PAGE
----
STEVE SPURRIER, Football coach
If you know USC football coach Steve Spurrier, you know that right after football and family he loves golf. You might not know just how much, though — or how, as in football, he loves winning and hates losing.
At the 2007 Verizon Heritage, Spurrier competed in the pro-am with PGA Tour player and friend Chris DiMarco, a former Florida golfer. At the short par-4 ninth hole, the coach blasted his sand shot to five feet and, with a crowd watching, sank the par putt — for a net birdie — to give his team the apparent victory.
“Coach is high-fiving, signing autographs, and afterward we’re having a beverage” in the clubhouse, said Chip Prezioso, a Columbia businessman who plays often with Spurrier. “He thinks we’ve won. Then (former tennis star) Stan Smith’s group goes eagle-birdie the last two holes to beat us by a shot.
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“Coach grabs his cell phone, says, ‘We’re getting out of here.’ In the car, he’s still fuming about losing. Finally, I said, ‘Coach, you know what I love about you? You can’t tell by looking if you’re winning or losing.’ ”
Even Spurrier had to laugh at that.
The Ball Coach got the last laugh this spring when he teamed with former football All-American Sterling Sharpe to win the Chick-fil-A Bowl Alma Mater at Reynolds Plantation in Greensboro, Ga. Playing against coaches and alumni from other colleges, Sharpe hit 300-yard drives and watched Spurrier sink crucial putts en route to a five-shot win.
“Steve attacks golf as he does life,” Sharpe said. “He doesn’t have the practice time to devote to the game, but he has an unmatched determination to get the ball in the hole in the fewest strokes.”
Naturally. In golf, that’s the definition of winning.
— Bob Gillespie
MAC CREDILLE, Men’s basketball equipment manager
In 1974, Mac Credille was working at USC’s physical education center and was as happy as he figured he could be. Then some friends told him to go over and help the football team. He did, and soon after, coach Jim Carlen told Credille he wasn’t going back to the P.E. center, that he was staying with the football team.
Nervously, Credille pointed out that “Coach, football coaches don’t last here very long.” Instead of snapping at him, Carlen liked that Credille was thinking about his future.
Credille became the basketball equipment manager in 1993, when coach Steve Newton was on the verge of being fired. Since then, Credille has been around through Newton’s exit, Bobby Cremins’ flip-flop, the highs and lows of the Eddie Fogler and Dave Odom eras and now the transition to Darrin Horn.
Every story leads to another story: the coaches who didn’t get along with their bosses; how the football coaches used to major in physical education, until that department was ramped up; the three days of Cremins’ tenure, and how Credille wasn’t surprised it ended.
“That’s the scary thing – everybody knows me. And I can’t remember people’s names. And that’s the bad sign,” Credille said. “This job is so much fun. You get to know people.”
— Seth Emerson
BRIONNA DICKERSON, Women's basketball guard
Brionna Dickerson has seen the world without leaving home.
The former Heathwood Hall star stayed in Columbia to play basketball for South Carolina, where she started 26 games last season as a junior.
But the 5-foot-9 guard has developed more than a jump shot at USC. With a double major of international business and marketing in the university’s Honors College, Dickerson speaks fluent Spanish and views travel as a way to broaden her horizons.
The 21-year-old Dickerson will spend July studying in Costa Rica, which she also visited as a high school senior.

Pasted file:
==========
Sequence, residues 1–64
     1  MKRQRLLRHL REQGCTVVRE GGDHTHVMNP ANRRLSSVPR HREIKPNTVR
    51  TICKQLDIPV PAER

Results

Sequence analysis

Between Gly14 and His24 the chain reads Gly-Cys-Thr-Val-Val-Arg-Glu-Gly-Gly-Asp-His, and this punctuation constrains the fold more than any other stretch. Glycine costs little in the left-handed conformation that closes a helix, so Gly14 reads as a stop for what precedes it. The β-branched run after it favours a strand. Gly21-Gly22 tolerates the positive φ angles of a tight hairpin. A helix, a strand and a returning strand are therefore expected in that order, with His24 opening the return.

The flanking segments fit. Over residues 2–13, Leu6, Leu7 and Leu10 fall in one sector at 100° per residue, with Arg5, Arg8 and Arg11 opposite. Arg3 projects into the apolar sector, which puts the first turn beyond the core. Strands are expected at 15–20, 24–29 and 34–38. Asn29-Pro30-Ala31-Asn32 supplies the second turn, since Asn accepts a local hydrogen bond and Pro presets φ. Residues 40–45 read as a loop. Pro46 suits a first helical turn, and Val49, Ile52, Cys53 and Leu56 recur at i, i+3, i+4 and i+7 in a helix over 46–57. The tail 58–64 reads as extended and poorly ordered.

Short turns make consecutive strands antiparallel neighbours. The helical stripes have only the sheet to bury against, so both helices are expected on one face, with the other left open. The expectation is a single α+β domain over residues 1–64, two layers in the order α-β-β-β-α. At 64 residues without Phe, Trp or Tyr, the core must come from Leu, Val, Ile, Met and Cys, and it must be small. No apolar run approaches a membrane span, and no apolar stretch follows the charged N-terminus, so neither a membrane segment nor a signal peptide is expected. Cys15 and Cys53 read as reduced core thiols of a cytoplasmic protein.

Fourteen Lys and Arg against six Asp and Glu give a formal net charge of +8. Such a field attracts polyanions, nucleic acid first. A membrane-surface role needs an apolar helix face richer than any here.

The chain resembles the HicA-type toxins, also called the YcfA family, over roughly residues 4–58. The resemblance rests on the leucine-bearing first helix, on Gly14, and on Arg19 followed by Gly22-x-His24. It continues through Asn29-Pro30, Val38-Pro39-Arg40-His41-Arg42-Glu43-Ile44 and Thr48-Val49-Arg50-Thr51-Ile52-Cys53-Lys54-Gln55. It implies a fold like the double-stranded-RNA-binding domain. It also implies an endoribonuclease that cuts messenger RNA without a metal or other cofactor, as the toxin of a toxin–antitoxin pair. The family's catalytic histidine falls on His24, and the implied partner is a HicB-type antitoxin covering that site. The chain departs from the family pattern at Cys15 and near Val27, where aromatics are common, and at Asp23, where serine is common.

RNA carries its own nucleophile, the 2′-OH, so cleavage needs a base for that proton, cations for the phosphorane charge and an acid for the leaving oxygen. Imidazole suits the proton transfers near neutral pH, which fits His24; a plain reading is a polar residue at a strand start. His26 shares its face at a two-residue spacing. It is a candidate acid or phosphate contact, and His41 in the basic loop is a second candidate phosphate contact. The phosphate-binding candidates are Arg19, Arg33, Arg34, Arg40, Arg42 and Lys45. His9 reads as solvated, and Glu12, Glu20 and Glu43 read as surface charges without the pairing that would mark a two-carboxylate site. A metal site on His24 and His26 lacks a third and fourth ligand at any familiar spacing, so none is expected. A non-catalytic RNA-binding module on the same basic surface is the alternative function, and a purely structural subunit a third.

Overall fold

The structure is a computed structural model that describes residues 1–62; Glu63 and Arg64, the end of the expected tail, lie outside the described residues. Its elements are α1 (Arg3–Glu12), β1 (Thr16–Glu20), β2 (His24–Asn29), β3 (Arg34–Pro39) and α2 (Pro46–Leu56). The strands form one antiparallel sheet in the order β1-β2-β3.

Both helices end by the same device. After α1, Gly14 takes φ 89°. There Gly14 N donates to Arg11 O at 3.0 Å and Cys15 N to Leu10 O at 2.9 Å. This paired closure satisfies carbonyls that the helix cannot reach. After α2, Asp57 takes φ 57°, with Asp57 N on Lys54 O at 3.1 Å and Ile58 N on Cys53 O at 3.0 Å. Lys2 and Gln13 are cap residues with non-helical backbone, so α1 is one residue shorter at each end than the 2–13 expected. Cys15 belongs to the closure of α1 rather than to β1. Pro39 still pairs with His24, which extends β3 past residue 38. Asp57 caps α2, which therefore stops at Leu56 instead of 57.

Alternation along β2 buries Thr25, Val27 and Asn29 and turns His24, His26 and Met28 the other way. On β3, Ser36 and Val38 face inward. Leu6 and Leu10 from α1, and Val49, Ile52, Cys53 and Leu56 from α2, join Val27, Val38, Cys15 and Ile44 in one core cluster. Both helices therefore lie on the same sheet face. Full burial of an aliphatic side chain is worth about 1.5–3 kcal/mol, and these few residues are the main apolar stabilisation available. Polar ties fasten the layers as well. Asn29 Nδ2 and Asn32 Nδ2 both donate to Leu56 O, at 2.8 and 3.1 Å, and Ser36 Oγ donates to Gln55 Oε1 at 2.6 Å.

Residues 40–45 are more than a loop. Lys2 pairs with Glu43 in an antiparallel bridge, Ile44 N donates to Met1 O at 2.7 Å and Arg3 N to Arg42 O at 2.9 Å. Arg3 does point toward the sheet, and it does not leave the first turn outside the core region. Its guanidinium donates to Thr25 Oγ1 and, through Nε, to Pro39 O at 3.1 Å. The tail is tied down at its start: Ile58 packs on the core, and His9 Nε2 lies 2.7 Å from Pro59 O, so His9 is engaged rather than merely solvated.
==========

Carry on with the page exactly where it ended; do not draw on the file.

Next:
Dickerson was a reluctant traveler until her first plane trip — a nine-hour flight to Ireland for a basketball camp when she was 13. Though getting there was “horrible,” Dickerson had a different perspective once she was safely on the ground.
“It was the best experience I’ve ever had,” said Dickerson, who kept a journal of the more than two-week trip. “That motivated me to get a job that’s going to have me travel, because that was just the best thing I ever experienced.”
— Joseph Person
DEVAN DOWNEY, Basketball guard
Devan Downey’s personality is the same on and off the court: He talks as fast as he dribbles and is as emotional with friends as he is with teammates (and opponents, referees, fans, coaches).
Downey always is making his presence known, whether it’s socially or on the basketball court.
South Carolina’s best basketball player has made that – not his lack of size – the focus of his game.
It’s always been that way for the 5-foot-9 Downey, an All-SEC first-team point guard in his first season at USC. He had to prove himself in middle school, when the big kids wouldn’t let him play with them. It was that way at Chester High School and the University of Cincinnati when opponents would overlook him because of his height.
By the time he arrived at USC, the doubters were few. He still surpassed expectations this past season, becoming the heart of the Gamecocks. During a tough season for the team, Downey led the SEC in steals, ranked second in assists and was third in scoring.
“I try to work harder than my opponent,” Downey said. “I’m not going to brag on myself, but I’m in the gym every day, just trying to be better than the next person. So the things that I do on the court, it doesn’t surprise me because I feel like I’ve earned the right during the offseason and during my free time to do what I do.”
— Seth Emerson
CHARLES WADDELL, Associate Athletics Director
Charles Waddell has a spot in the North Carolina record books that might never be equaled – evidence of Waddell’s athletic ability and the era in which he competed.
Waddell, a South Carolina associate athletics director, is the Tar Heels’ last three-sport letterman, a distinction that has gone the way of the cassette tape in this age of elite travel teams and AAU tournaments that encourage athletes to specialize in a single sport at a young age.
“They don’t have the opportunity like I did,” Waddell said. “It was difficult for me, but it’s almost impossible now to do it unless you really have support of all the head coaches.”
The 55-year-old Waddell grew up in Southern Pines, N.C., and was an All-ACC performer in football (tight end) and track (shot put) and a backup forward under legendary UNC coach Dean Smith.
– Joseph Person
JAMES DARNELL, Baseball third baseman
Three years ago, James Darnell arrived at USC from northern California. He quickly erased any notion that he was a surfer-dude type.